Shipping capacity is arguably the tightest for CPG manufacturers.
“The pool of willing drivers is smaller, and they can charge more as a result,” says Andrew Lynch, President and Co-founder of Zipline Logistics.
Time Is Money (Even at the Loading Docks)
Carriers are avoiding certain grocery distributors and retailers because of lengthy dwell times.
Since the advent of the Electronic Logging Device (ELD) mandate in 2017, 77% of carriers say they’re more selective in the shippers/receivers they go to. Likewise, 80% say there are facilities that they absolutely won’t load out of due to lengthy wait times.
Under the ELD mandate, all trucks must use the devices to track their hours-of-service (HOS), location, and speed. According to the HOS rule, drivers can be on duty for 14 hours a day (which includes fuel stops, food breaks, and wait times at loading docks). Drivers cannot drive more than 11 hours, which includes a break, so active drive time is actually limited to 10 hours.
In the 2018 ELD Update Report from Zipline Logistics, drivers cite a major disconnect between shippers / receivers and the ELD mandate. Many drivers voiced a suspicion that some manufacturers don’t understand (or care about) the effects of the regulation.
The report highlights grocery retailers and distribution centers for their significant wait times. Lynch explains, “If a driver sits for four hours after he’s driven for six hours, then he has to shut down and wait until tomorrow to pick up his next load.” One driver commented that there are locations known to have little to no regard for a drivers’ HOS. Another echoed this sentiment: “Anyone that can’t unload or load on-time, why go to them and waste hours? Time is money.”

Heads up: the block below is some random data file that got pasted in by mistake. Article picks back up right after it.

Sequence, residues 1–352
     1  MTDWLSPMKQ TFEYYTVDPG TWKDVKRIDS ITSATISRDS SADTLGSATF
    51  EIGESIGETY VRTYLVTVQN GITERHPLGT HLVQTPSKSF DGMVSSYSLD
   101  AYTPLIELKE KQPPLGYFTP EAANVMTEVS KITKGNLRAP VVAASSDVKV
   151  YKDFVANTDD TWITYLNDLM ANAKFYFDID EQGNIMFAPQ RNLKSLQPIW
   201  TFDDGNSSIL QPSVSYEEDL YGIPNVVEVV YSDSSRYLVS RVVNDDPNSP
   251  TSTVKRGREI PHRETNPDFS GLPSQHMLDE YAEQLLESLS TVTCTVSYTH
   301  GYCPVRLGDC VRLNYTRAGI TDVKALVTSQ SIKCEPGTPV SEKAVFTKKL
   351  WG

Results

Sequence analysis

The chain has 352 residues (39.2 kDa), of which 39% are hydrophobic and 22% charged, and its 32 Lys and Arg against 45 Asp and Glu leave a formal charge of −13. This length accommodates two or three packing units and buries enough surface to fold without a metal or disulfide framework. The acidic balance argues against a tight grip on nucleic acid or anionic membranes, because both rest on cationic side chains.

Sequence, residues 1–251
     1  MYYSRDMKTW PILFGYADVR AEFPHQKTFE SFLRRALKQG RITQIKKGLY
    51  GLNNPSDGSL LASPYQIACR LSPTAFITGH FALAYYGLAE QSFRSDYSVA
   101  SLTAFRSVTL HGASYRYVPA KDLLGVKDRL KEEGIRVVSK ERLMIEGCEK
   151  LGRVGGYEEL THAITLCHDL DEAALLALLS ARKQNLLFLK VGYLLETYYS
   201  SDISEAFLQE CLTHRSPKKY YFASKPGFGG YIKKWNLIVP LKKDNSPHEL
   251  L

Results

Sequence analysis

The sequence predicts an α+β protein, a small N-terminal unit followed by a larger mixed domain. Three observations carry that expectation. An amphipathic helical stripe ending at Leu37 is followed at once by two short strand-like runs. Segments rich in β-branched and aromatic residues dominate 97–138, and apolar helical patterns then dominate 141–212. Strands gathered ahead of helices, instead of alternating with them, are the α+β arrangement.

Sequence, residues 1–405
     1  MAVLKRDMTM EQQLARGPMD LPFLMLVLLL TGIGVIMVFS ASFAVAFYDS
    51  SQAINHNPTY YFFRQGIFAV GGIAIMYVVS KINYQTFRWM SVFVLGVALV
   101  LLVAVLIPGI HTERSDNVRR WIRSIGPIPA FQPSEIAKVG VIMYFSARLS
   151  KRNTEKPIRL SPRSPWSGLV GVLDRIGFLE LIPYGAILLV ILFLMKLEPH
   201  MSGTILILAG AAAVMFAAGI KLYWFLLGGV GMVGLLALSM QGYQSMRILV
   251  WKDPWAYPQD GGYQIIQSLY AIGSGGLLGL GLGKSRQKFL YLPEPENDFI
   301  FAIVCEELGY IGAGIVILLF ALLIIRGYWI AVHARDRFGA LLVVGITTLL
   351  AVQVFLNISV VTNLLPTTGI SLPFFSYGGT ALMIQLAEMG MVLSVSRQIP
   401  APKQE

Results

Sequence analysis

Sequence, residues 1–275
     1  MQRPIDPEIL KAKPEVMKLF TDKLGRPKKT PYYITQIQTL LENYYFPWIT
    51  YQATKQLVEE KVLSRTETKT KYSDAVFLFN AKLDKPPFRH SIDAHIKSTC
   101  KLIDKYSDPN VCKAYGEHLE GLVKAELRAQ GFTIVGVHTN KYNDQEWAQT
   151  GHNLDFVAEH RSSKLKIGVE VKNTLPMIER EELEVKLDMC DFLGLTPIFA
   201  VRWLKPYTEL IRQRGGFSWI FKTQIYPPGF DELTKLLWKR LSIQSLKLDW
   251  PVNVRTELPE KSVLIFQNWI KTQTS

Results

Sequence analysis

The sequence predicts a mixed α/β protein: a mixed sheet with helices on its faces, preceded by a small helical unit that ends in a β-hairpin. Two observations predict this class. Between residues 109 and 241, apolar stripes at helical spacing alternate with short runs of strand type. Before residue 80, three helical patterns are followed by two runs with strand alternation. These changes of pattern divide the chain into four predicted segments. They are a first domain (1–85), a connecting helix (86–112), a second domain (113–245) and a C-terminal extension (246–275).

To remove the gridlock, CPG manufacturers should be aware of the driver’s issues and actively work to ensure delays don’t happen at their facilities.
Foodservice Strategy for Capacity
An effective foodservice distribution strategy is dependent upon manufacturers reviewing their Total Fulfillment Costs for shipments. It’s critical to take a look at shipments of various sizes and to various geographies to get ahead of the capacity issues facing the foodservice distribution industry.
Shippers everywhere are feeling the capacity crunch. With causes as diverse as a strong economy, an aging driver workforce, government regulations, and a stable construction industry, limited capacity is affecting pickup and delivery procedures for food manufacturers and their distributors.
Dave DeWalt, a self-proclaimed “foodservice lifer,” has worked in the industry since 1972. In 1996, he started Franklin Foodservice Solutions to bridge the gap between food manufacturers’ marketing and sales decisions and supply chain realities. We asked Dave to share his experiences with today’s supply chain challenges and provide advice to manufacturers on ways to introduce more profitable pricing and order policies on outbound shipments.
Shrinking Capacity and Rising Costs